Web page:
Stay Sharp ✏️
Where Emma faces down the summer holidays
Hello! Apologies for this being a little late, covid has pummelled me. Hopefully, regular service will resume over the weekend. Thank you for all your lovely messages, stories and funnies you have all cheered me up so much 😘
Today is the final day of term for schools here in Scotland. On one hand phew what a relief to have made it through another school year. On the other…holy shit 7 weeks to entertain a nearly 15-year-old! In our house I work from home, my partner is half home-half office and my eldest daughter (19) has a summer job waitressing odd and late-night hours. Oh and don’t forget the collie! All this adds up to not much peace in a small 1st floor two-bed flat. I’m not complaining as such, I loathe the school year and its enforced routines so holidays yay! But any change seems to knock Mr P into touch.
The thing (among many ‘things’) with chronic illness is the fine balance you have to maintain. Time is both your enemy and your greatest assist. Non-ill folk don’t understand that even a few minutes out can throw everything into survival mode.
When your resources are the scrapings at the bottom of the barrel you really need to eek those buggers out. Anyone with time-sensitive medication will tell you that on time every time is paramount. But that also applies to routines, food, work and socialising.
When things take longer than expected or routines have altered the margin for adaption can be huge. For example in Parkinson’s a dash of stress can cause symptoms to go doolally. Sometimes this is an immediate effect like freezing, or tremors going into overdrive. Other times it is delayed and you are knocked out of action for a few days with fatigue, anxiety or other joys.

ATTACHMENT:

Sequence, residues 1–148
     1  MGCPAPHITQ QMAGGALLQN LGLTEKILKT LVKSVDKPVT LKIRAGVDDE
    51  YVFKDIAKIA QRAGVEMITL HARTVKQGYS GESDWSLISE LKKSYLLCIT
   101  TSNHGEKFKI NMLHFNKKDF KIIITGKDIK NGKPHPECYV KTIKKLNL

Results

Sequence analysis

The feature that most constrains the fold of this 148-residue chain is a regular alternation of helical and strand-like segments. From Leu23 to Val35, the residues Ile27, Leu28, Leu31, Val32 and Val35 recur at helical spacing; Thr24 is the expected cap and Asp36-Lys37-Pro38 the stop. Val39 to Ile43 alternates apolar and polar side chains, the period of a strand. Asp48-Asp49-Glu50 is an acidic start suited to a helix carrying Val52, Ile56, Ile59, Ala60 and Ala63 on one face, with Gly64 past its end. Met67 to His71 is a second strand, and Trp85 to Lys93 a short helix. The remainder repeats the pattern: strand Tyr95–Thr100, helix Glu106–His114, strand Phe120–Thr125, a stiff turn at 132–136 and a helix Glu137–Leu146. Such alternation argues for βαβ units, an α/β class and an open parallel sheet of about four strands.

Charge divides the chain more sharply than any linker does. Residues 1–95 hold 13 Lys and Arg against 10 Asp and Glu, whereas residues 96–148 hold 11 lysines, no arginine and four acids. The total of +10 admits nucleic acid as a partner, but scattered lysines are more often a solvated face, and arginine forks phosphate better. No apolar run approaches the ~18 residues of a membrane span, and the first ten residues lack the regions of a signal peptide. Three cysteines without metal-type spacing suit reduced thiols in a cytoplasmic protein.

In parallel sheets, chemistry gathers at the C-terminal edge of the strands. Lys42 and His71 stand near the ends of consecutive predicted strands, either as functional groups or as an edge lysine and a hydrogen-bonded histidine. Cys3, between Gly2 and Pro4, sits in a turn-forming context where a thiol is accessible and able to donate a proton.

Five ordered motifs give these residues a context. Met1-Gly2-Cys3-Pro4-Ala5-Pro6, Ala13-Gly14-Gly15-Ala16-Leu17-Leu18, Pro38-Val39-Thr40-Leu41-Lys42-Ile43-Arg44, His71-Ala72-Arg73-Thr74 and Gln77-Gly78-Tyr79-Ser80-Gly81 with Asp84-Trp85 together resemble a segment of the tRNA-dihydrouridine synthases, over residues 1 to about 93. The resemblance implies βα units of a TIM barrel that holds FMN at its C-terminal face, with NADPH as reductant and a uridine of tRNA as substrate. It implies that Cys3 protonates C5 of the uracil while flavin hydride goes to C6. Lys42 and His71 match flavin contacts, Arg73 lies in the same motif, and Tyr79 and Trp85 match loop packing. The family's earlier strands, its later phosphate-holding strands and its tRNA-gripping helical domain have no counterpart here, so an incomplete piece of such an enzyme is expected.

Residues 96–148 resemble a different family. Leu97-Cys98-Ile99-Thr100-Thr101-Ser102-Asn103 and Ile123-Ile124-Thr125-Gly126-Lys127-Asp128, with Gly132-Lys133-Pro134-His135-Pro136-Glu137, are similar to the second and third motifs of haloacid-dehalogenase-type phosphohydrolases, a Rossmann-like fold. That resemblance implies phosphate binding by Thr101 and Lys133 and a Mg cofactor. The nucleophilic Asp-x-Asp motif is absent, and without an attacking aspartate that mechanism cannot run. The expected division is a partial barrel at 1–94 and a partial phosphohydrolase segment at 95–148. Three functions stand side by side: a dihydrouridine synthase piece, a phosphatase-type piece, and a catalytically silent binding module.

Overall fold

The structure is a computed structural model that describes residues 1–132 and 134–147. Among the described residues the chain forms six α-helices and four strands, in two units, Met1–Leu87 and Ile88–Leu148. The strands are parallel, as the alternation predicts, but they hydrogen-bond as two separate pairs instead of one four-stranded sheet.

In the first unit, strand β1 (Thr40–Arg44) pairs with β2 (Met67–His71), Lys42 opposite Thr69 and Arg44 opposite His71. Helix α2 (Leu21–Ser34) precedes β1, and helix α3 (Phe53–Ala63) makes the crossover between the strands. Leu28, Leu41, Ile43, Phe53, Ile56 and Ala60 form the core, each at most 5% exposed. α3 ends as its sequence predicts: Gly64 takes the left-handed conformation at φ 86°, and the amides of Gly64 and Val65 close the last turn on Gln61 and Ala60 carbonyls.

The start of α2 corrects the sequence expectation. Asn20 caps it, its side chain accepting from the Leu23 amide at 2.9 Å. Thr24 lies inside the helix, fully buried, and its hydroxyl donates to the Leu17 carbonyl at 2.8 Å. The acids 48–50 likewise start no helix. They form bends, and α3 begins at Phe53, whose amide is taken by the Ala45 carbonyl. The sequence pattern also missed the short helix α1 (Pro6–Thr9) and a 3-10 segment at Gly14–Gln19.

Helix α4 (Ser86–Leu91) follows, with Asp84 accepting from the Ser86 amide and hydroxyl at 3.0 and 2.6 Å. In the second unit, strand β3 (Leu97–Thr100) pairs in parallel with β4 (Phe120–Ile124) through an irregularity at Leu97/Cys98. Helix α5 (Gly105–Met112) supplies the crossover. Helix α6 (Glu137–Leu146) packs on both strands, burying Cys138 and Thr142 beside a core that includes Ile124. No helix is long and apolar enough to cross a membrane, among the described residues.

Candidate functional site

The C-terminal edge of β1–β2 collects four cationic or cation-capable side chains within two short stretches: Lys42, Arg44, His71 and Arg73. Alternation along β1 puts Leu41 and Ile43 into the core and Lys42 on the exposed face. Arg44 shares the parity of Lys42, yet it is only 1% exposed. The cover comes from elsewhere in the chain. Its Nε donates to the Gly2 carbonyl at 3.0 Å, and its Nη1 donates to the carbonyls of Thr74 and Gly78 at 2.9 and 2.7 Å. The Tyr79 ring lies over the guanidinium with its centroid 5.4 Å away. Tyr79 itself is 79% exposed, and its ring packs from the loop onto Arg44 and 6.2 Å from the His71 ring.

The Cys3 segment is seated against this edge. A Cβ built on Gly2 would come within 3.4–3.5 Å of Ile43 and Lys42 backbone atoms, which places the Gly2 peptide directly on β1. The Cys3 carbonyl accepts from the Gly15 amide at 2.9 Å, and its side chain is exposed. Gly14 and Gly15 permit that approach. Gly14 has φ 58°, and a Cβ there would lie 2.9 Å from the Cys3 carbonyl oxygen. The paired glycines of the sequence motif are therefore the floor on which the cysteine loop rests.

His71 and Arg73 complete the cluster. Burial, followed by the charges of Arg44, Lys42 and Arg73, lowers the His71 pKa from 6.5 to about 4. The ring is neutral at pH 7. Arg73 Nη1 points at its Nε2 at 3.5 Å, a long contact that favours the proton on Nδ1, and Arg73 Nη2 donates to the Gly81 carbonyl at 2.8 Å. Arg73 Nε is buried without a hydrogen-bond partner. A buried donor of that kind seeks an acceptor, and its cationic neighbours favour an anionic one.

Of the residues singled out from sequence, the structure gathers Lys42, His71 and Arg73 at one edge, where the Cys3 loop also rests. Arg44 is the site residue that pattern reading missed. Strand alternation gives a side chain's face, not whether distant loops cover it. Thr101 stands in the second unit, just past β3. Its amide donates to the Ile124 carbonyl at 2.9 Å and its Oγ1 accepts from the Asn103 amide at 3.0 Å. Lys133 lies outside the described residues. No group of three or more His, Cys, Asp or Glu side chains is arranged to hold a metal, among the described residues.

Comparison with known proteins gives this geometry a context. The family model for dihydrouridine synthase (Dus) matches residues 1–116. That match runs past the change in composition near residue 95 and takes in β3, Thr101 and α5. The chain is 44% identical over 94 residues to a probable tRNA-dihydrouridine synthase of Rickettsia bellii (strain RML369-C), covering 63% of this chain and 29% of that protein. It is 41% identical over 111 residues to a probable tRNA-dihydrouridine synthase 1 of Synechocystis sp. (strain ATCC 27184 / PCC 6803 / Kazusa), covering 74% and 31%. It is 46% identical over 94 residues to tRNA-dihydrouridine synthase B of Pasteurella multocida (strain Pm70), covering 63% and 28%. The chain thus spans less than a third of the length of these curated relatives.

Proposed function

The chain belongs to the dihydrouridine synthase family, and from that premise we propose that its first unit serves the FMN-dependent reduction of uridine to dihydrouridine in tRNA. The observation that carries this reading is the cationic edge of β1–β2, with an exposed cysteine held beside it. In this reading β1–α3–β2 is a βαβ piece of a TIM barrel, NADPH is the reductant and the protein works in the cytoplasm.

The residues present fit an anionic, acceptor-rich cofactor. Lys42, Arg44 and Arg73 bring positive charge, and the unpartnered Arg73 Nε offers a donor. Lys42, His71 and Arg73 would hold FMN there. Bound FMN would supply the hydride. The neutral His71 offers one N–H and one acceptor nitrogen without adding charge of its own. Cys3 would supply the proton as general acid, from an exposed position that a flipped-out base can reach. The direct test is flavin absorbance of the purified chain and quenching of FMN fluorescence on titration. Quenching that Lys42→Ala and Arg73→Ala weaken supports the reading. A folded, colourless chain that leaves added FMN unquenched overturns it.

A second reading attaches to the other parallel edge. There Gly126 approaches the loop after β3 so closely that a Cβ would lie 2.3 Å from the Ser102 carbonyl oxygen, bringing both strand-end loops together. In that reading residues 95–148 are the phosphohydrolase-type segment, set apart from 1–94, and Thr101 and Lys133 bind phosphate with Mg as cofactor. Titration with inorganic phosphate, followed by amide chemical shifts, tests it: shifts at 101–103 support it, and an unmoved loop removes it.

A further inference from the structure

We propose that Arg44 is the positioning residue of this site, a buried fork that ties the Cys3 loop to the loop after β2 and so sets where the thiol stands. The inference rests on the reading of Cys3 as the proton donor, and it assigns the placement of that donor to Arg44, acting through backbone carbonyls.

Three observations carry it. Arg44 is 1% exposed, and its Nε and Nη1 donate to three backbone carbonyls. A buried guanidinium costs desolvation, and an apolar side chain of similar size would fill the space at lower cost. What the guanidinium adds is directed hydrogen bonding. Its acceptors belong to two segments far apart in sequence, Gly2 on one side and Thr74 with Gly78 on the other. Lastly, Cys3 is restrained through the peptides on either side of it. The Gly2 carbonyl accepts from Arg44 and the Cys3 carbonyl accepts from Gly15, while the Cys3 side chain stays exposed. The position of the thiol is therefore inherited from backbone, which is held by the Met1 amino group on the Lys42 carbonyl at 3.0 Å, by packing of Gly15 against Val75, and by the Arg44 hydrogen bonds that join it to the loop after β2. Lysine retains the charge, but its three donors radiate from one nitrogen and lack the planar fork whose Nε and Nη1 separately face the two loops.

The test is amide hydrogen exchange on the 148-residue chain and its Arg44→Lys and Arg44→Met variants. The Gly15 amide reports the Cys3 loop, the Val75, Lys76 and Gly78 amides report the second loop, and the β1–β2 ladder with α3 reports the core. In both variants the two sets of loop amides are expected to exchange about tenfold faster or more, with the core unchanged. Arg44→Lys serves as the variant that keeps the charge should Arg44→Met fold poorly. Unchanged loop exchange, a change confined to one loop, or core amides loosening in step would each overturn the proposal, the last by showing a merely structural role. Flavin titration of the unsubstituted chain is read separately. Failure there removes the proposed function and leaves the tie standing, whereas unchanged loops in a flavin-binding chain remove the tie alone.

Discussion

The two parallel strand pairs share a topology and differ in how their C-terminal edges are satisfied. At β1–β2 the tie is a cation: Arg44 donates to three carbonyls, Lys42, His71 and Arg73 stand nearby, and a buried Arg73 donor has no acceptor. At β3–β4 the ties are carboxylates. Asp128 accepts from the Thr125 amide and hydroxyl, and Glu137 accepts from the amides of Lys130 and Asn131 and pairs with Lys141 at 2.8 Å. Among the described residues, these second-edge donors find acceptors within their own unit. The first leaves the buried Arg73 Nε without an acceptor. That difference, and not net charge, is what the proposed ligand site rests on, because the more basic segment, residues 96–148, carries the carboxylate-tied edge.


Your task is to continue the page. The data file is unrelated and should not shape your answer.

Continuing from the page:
I have learnt if I plan and set some structure things generally run better and I actually achieve some stuff! Here are my thoughts.
Set boundaries: I limit my social interactions to short bursts. Even phone calls can take it out of me and throw my day out. Practise your personal time limits.
Don’t take on too much: this is coming from the ultimate superhero in ‘taking on every projects my insane brain imagines’. I’m still learning to slow the fuck down.
Peak Times: I am best in the morning, not too early or before coffee but after lunch I get floppy. Interestingly I often pick up in the evening.
Expect stuff to bugger up: allow yourself extra time for EVERYTHING!
Tell everyone to back off: seriously, say no. Help folk manage their expectations by being firm about what you are able to do.
When the fun stops, stop: or stop while you are ahead and don’t over do it.
Rest: no, really. It may seem like you are ‘resting’ because you are having an off moment/day/week but that is recovery not rest. Rest and relax maybe even get wild and have fun.
So applying my own advice I will take the changes in the household in a positive way. And tell them all to bugger off and give me some peace! Ahem. Ok I’ll chill and have an extra glass of wine.